Recycle:
  • 1 plastic soy sauce bottle
  • 1 plastic lemon juice bottle
  • 1 coffee tin
  • 1 can pineapples
  • 6 cans beans
  • 1 can beets
  • 1 can tomatoes
  • 3 beer bottles
  • 1 can coconut milk
  • 1 can coconut water

box full of boxes to burn

Another fun thing about having a house now is that we also have a fire pit in the back yard. We recently took down 6 big trees, so we have tons of wood and sticks. But, we usually need some fast burning items to start it up, or keep it going.

So, we keep a “burn box”.

This is where we put any big or small cardboard boxes, paper towel or TP rolls, envelopes, etc. Anything that will burn, can go into a bonfire rather than a trash can.

But again, not everyone has this option. So these things could have been trash instead.

Burn box:
  • 3 paper covers and rolls from “Who Gives a Crap” tp
  • Box from “Cracklin Oat Bran”
  • 1 paper towel tube
  • 1 empty box tissues
  • Cardboard bottom from a tea box gift set
  • Empty frozen pizza box
  • Dentastix box
  • Blue Moon beer box
  • 2 boxes from pasta
  • Box from cake mix
  • Box from granola bars
  • Bagged green tea box
  • Amazon delivery box
  • Tissue paper from a swap (quail eggs in exchange for 2 cute crystal serving trays and a neat ceramic soup tureen)
tea set
The tea box gift set. At least I can re-use the tins for loose leaf tea later!

And finally, my favorite way of keeping things out of the trash, is composting.

When we lived in a rental and I didn’t know if we would stay long enough for a pile to make sense, I had a big Rubbermaid container full of worms in the yard and did vermicomposting.

Now, I have enough space for a permanent pile.

We toss our kitchen goodies in there, and combined with the fall leaves and mulch, and sawdust shavings and quail manure, we make our own supercharged garden fertilizer. And keep literal tons of organic matter out of land fills.

compost

Compost:
  • Banana peels
  • 2 pear pits
  • 5 clementine peels
  • Coffee grounds
  • Old hard bread
  • Persimmon peel
  • Centers of broccoli and cauliflower
  • Zucchini and carrot ends
  • 2 paper tissues
  • 4 tea bags
  • 2 lemons
  • Loose leaf green and hibiscus tea
  • Ends of sweet potatoes
  • Onion ends and peel

Tracking My Trash: Round 2

Woof.

There you have it, in startling technicolor, all the trash created by an actually-quite-eco-conscious person trying not to make trash.

What a world we live in.

 

Any suggestions guys? How do I do better?

Tracking My Trash

 

So after my big declaration of wanting to move more towards a zero waste lifestyle, I approached it the same way people wanting to make big money changes should: tracking all your expenses so you get an accurate picture of your current situation.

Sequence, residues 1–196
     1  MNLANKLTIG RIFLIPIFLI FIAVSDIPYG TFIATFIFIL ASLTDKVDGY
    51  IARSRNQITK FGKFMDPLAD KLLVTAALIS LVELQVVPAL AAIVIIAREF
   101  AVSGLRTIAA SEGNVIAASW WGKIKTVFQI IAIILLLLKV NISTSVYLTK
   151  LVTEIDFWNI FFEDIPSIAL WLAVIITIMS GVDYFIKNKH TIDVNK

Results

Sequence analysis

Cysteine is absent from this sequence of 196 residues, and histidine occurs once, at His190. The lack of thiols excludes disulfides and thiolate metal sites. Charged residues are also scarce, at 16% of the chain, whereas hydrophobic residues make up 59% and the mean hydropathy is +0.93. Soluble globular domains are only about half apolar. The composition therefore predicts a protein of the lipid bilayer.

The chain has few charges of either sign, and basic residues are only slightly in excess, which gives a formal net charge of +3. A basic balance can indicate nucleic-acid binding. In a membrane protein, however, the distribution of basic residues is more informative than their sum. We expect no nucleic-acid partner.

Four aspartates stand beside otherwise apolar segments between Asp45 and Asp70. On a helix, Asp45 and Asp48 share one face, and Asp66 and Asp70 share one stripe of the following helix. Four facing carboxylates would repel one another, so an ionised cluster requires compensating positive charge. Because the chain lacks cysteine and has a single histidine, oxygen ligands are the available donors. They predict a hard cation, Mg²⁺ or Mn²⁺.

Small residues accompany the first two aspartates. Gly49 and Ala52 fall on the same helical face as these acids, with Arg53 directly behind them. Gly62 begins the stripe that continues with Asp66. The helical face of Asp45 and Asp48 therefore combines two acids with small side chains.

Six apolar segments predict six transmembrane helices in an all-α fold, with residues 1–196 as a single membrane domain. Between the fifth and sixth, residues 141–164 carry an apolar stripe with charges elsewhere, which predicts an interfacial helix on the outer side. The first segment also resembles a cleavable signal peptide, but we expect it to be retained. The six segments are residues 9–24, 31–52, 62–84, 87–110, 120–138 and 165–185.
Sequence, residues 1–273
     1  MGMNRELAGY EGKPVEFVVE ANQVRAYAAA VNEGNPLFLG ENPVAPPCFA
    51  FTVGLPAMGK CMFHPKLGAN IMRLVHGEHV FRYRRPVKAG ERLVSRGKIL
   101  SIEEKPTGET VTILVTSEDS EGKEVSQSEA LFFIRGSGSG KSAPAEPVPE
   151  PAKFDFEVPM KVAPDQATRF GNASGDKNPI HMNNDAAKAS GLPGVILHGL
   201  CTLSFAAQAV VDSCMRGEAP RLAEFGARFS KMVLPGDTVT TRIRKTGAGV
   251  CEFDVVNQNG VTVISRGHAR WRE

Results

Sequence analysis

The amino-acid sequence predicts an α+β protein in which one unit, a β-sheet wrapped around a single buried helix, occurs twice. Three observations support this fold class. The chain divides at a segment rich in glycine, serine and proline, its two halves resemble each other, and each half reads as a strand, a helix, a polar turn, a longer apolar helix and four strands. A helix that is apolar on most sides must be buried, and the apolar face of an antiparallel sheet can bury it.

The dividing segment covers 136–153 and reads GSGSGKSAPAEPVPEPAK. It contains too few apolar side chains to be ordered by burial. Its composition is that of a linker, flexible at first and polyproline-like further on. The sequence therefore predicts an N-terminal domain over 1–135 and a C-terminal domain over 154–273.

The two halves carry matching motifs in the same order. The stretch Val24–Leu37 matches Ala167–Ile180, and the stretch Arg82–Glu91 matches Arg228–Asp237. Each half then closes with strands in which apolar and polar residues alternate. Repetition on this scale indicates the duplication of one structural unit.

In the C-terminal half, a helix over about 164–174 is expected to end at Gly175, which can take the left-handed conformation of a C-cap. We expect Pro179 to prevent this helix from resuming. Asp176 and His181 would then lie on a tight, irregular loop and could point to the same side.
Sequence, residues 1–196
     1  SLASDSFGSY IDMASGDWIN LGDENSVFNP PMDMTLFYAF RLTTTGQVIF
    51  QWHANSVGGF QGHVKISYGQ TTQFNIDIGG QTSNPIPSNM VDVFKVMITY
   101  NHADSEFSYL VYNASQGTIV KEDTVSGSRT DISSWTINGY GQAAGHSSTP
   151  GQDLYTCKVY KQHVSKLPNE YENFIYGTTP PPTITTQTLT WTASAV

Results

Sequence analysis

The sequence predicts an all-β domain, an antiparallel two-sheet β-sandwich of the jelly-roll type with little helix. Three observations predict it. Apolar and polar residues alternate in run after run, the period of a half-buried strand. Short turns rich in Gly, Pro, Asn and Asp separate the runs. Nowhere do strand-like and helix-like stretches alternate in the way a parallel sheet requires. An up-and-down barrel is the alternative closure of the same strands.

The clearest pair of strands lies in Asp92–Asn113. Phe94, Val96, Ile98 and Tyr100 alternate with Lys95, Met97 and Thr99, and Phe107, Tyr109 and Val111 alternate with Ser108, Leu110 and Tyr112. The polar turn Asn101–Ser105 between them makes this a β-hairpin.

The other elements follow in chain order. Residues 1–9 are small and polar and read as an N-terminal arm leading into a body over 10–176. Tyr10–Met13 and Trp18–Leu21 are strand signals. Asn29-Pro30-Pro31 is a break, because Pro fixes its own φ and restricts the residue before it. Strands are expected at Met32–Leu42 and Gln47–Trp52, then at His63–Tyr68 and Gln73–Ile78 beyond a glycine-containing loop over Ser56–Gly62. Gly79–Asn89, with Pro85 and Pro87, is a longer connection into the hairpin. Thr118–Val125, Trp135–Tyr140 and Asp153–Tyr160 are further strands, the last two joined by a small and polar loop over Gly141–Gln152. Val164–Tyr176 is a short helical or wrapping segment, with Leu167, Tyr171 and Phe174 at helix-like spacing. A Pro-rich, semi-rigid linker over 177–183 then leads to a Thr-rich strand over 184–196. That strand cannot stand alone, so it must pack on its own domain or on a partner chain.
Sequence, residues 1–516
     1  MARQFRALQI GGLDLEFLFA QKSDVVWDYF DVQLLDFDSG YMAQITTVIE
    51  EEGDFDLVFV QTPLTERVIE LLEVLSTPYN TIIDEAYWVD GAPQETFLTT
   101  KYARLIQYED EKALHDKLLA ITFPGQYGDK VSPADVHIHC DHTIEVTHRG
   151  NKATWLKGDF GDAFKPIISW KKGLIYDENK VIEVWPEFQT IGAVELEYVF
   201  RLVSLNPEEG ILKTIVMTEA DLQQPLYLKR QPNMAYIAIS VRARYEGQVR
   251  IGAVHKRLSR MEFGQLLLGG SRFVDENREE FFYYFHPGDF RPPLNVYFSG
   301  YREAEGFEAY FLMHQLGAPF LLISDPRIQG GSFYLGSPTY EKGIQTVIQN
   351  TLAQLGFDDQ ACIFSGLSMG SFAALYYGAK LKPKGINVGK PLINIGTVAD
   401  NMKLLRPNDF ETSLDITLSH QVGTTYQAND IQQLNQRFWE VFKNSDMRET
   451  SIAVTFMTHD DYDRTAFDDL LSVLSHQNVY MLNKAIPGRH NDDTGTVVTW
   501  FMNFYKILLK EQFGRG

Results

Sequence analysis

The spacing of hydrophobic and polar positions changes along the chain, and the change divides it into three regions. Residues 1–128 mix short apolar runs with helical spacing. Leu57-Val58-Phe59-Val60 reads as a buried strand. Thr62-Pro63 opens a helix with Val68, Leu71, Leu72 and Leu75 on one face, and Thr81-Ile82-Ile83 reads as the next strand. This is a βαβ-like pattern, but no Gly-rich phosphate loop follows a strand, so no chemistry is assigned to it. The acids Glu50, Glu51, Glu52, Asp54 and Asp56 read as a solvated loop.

I decided to track all my trash for one week.

At work, at home, on the go.

Every cup, wrapper, paper, bag, container, and paper towel.

And this is what I had after 7 straight days:

tracking your trash budget epicurean zero waste lifestyle

Minus a few things from our travels:

  • a Starbucks to go cup and sleeve
  • an empty water bottle
  • a paper bag and to go container
  • wrapping from a Torchys taco
  • a paper plate and 2 napkins
  • a paper plate and tin foil
  • a synthetic wine cork

I’m not going to lie, I was a little surprised. I thought we already did a pretty great job of recycling and not buying a whole lot. But this was quite eye opening. This is only 7 days worth of trash!

The empty box of ziplocks is evidence that I have or had at least 50 more plastic bags somewhere in my house. A plastic takeout container that I had been reusing for work lunches got smashed to pieces. A styrofoam container from portobello mushroom caps. A plastic wrapper from a stick of butter. Some non-recyclable plastic windows from mail envelopes. We run through sunscreen and bug spray like water in the summertime.

With the obvious exception of toilet paper, anything I normally would trash at work got put into a plastic bag. Things that I might normally toss that could be composted, I brought home instead to toss in my compost bin. Like a banana peel, or some yellowing leaves from my lunchtime salad.

And this is the bag I kept at work:

tracking your trash budget epicurean zero waste lifestyle

And you can see it is much less heavily food-focused and more weighted towards snacks and paper products. I have always brought my own lunches to work in reusable plastic or glass containers, and have a set of silverware and cups there that I wash daily. This helps cut down on my overall waste at work.

I honestly do not think I could, nor do I really want, to get my household waste to less than a mason jar full per year. But this definitely showed me that there is more room for improvement.

I love the aptly named “Near-O Waste“, which more accurately describes the lifestyle I’m shooting for. I still want to enjoy modern conveniences and not live like it’s the 1800s. But I also want to be gentler to Mother Earth.

Lesson #1

I use a lot of paper products! Like, a silly number of kleenex and paper towels throughout the day. Obviously to blow my nose, but also to wipe up small spills around my desk, to blot grease or lipstick, after washing my hands or my lunch containers. And every single time I use the restroom at work, I use 2-3 paper towels.

Paper takes a lot of energy, water, and deforestation to create. And we waste a LOT of paper products as a species. Toilet paper, paper towels, actual printer paper, magazines, books, newspapers, paper plates… the list goes on.